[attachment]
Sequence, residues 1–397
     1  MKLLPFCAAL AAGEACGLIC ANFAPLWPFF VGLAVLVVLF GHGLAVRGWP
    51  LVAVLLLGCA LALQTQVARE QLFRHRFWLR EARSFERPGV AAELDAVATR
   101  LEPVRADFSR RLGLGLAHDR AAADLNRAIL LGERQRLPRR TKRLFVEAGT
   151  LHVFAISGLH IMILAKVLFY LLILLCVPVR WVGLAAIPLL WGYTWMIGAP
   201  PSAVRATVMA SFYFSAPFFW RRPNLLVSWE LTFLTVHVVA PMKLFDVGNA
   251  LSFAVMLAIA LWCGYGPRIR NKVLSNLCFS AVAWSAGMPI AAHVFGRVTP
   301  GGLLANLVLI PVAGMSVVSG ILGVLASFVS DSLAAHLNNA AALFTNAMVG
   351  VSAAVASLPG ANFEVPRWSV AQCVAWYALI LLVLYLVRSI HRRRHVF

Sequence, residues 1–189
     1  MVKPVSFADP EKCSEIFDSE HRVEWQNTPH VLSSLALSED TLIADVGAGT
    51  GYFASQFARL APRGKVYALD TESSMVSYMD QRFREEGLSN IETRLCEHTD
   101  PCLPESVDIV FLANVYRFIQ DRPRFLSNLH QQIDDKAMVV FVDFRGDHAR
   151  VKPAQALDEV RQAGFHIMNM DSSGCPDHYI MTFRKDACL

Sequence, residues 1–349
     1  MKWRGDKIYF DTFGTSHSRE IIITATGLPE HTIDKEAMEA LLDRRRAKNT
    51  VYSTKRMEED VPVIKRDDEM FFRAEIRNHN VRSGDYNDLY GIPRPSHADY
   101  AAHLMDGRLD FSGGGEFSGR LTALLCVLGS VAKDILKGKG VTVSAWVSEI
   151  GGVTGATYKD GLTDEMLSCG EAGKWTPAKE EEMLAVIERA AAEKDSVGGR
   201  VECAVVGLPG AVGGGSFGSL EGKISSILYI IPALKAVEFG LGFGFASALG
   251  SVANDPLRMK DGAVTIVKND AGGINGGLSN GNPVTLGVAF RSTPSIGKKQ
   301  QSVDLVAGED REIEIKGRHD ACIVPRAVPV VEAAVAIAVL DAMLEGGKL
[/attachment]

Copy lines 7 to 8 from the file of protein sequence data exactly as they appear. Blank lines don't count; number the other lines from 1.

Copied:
   251  LSFAVMLAIA LWCGYGPRIR NKVLSNLCFS AVAWSAGMPI AAHVFGRVTP
   301  GGLLANLVLI PVAGMSVVSG ILGVLASFVS DSLAAHLNNA AALFTNAMVG